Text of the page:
5 enough when completing their CAO application. More preparation of students is required at pre-admission through greater links between second and third level education. Student UCD experiences Making the transition from second to third level Three-quarters of respondents said they were prepared for the size of UCD. Just one-fifth of the cohort group reported that UCD had provided a supportive environment when they started their degree programme. The majority of respondents saw themselves as having very little understanding of a university on entry to UCD. Nearly three-quarters of respondents lived at home and most commuted two hours per day. This impacted on respondents motivation to attend lectures, particularly when they had only one or two lectures per day that were spread between early morning and late afternoon. These respondents felt that there were few activities on campus during the day for students while waiting between lectures. There was no explicit mention by respondents of a difference between 2 nd and 3 rd level, but a lack of work structure was raised as an issue for some respondents, particularly in creating and being responsible for their own learning.. Staff reported a lack of continuity between second and third level, and first year students do not recognise their responsibility to organise their work. Recommendations included the need to simplify Semester 1 Stage 1, to give students a clear structure and time to adapt academically and socially and to track students progress in first year, especially those in large programmes. First year students have little time for adjustment between Leaving Certificate results and entry into their third level programme. Staff reported that it can be particularly difficult for students coming from rural areas to adjust to the urban environment and to the large student population. Recommendations included more preparation at pre-admission, and the need to extend the induction process beyond one week to facilitate greater social integration. Academic difficulties Over half of Arts student respondents said the required Leaving Certificate points did not reflect the academic standard and workload required in the programme. 5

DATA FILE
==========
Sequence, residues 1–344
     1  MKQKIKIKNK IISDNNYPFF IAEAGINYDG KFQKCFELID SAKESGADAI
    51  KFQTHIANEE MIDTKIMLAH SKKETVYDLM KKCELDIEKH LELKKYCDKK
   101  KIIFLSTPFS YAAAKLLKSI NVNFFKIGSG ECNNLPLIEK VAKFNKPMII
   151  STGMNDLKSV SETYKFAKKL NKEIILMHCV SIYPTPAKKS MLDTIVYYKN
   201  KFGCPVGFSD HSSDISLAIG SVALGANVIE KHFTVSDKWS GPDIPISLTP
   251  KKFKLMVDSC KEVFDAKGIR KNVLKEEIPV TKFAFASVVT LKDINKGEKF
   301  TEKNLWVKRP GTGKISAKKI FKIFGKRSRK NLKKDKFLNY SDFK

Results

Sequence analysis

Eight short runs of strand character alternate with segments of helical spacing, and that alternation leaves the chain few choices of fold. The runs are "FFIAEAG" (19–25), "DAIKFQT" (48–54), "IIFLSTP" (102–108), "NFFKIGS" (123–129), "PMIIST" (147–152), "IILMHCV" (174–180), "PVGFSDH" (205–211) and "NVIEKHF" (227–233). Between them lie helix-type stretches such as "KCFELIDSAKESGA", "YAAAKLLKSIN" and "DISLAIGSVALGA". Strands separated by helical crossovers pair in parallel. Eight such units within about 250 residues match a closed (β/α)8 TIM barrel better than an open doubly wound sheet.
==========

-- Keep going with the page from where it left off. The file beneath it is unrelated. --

6 Those from large programmes commented on a perceived distance between academics and students on account of class sizes. Consequently, respondents did not see themselves as having the opportunity to engage with the academic staff. Respondents did not report attending tutorials and some reported missing lectures and assignments. These results suggest lack of academic integration. Difficulties were experienced in subjects that respondents had not taken before in second level or had taken at pass level in second level. These included science and language modules. Respondents from broad degree programmes felt pressure and uncertainty about module choices. They did not use the system effectively to access module information and/or register on time to get their preferred options. None of them articulated confusion or lack of clarity regarding their overall programme structure. Similarly, staff responses indentified particular problems for first year students who are faced with a lot of choices (e.g. in Arts), as a result of which some students who do not fully identify with subjects but take a wide range of unrelated modules. Students need more information about module structure/ content and less jargonised systems. Recommendations include the need for a career advisory role for first year students to assist with subject/module choices in large, broad based degree programmes. There should be more co-ordinated regarding assessments to ensure a Stage One students workload is manageable. Building students confidence was identified as a way of increasing student motivation and sense of identity with a particular module/programme. Students need more information on their performance and how this can be improved. Recommendations from staff included the need for a structured feedback system to enhance understanding of progress and offer mechanisms for contact with academic staff that is consistent within and across programmes. Given the prevalence of wrong subject choice as a reason for withdrawal; Support Staff highlighted the need for more flexibility to transfer between programmes. Social difficulties None of the respondents referred to having involvement in any organised social activities, clubs or societies, suggesting lack of social integration. 6